After roughly a decade of convincing, I finally took the deep dive into my Downton Abbey journey early in May as the release date for the sequel film, Downton Abbey: A New Era approached. It was a daunting task, shoving 52 hour-long episodes (some Christmas specials can stretch past 90 minutes) as well as a feature film into a 20-day period, particularly as someone who is not good at binging television in the way most people of my age group can…and technically speaking, I didn’t succeed! It’s true I finished Downton Abbey and *adored* it, but it did take me more than the initially plotted 20 days to complete, and due to a friend’s wedding, traveling for family matters, and eventually, COVID, it proved to all be for naught as I found myself missing being able to see Downton Abbey: A New Era in theaters. Was it all worth the hassle? It absolutely was, because the only way to get me to do anything is to rush me as if there is a concrete deadline, and even then, I’ll still likely miss said deadline.
In the new age of shortened theatrical windows, waiting for Downton Abbey: A New Era to become available on my end was a short process, dropping on VOD mere weeks after release, streaming on Peacock only 34 days after opening in theaters, and finally, releasing physically on DVD, Blu-ray, and Blu-ray 4K on July 5. Today, we’re discussing the standard Blu-ray release.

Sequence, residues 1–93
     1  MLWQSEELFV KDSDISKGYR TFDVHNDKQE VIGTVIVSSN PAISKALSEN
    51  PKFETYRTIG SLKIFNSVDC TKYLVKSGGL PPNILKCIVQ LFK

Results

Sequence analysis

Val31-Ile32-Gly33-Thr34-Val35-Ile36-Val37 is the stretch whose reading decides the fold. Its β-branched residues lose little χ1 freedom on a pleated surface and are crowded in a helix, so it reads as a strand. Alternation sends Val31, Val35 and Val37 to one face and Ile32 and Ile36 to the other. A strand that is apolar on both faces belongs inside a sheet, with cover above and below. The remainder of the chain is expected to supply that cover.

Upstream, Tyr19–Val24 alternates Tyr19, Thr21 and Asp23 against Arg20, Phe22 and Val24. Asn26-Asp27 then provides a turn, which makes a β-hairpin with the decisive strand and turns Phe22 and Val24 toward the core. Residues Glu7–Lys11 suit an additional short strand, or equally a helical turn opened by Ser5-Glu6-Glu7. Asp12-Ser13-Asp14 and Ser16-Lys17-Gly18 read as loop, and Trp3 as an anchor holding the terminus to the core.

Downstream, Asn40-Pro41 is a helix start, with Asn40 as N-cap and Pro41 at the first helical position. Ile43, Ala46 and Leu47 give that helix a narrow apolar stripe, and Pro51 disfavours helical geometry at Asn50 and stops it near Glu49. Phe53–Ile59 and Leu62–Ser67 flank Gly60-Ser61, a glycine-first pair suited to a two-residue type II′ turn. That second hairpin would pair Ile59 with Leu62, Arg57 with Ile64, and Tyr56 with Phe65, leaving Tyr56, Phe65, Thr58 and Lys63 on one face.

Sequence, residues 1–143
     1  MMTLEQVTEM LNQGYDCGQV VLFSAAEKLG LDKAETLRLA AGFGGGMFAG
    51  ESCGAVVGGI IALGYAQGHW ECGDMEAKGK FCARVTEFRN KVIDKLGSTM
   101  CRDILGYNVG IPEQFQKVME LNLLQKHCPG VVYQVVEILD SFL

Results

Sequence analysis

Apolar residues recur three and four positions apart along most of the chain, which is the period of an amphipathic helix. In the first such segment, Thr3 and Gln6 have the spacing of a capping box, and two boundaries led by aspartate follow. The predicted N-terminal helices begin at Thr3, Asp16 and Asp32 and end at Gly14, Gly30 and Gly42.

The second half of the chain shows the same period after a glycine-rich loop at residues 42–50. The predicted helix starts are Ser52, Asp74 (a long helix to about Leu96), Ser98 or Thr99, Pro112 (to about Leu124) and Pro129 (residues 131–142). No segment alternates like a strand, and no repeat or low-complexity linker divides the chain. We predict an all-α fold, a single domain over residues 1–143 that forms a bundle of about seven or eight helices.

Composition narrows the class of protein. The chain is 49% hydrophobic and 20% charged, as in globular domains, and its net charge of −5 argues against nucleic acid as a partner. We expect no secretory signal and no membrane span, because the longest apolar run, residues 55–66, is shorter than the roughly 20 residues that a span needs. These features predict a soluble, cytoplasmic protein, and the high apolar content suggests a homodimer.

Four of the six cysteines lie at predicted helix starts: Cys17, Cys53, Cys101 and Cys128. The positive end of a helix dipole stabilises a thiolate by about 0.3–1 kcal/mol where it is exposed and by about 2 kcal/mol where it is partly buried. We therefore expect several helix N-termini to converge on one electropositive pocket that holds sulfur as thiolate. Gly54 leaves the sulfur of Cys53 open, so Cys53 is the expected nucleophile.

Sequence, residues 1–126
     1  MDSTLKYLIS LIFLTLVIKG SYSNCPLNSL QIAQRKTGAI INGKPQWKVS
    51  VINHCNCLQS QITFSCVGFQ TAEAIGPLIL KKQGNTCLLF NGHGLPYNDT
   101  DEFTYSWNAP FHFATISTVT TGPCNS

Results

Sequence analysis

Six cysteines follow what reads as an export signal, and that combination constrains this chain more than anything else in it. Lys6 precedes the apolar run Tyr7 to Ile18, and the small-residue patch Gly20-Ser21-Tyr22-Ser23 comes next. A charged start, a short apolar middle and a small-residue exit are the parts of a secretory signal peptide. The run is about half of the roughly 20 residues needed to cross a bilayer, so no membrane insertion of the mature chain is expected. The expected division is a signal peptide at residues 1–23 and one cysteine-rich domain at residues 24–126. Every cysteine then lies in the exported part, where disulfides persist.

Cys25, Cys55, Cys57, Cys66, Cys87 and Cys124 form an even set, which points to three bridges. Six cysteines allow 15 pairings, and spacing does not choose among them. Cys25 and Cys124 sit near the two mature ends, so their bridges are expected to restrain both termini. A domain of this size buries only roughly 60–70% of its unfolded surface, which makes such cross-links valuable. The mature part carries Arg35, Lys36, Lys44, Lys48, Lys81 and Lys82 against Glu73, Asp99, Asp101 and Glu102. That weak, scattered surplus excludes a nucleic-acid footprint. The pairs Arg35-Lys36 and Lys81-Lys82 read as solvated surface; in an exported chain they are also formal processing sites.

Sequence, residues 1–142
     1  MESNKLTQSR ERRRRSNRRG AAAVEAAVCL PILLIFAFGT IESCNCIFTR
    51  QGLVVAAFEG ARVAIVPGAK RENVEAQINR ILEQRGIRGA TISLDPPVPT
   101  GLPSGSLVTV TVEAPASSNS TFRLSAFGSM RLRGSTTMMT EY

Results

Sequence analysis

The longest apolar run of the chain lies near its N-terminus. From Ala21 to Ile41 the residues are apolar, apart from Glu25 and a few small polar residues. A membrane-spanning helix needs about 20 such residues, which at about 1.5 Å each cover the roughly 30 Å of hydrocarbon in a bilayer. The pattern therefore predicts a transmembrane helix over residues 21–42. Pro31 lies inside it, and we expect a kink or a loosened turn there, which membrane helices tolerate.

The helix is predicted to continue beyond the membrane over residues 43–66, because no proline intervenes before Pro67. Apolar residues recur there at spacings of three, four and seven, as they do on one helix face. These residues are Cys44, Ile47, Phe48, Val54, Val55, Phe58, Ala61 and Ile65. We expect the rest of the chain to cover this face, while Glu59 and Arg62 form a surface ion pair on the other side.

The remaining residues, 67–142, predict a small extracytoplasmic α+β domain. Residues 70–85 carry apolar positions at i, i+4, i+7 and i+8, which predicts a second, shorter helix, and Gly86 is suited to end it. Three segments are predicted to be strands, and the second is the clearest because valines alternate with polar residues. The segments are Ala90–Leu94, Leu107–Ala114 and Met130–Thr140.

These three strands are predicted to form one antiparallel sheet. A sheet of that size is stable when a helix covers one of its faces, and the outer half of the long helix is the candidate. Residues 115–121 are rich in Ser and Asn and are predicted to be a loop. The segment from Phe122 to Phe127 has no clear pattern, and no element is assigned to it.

While I loved the show Downton Abbey, and did find major enjoyment in the first film, I did find the first film to contain a few points of struggle that kept it from feeling like a triumph, not least of which that it simply felt like a three episode arc that didn’t end with any major revelations or developments for any of the characters involved. Yes, we love the characters, but the series had stakes, people died, no one was safe from a sad storyline. The first film steered away from that. The film, while shot in a more cinematic 2.35:1 aspect ratio, still felt like a statically shot television serial (as the film was directed by a seasoned television director, this tracks), without much style beyond a few elevated drone shots of the estate in the opening credits. Again, we don’t need James Cameron behind the camera of this, but some flair would be nice.
Luckily, these complaints were nearly all rectified in some form or another in Downton Abbey: A New Era.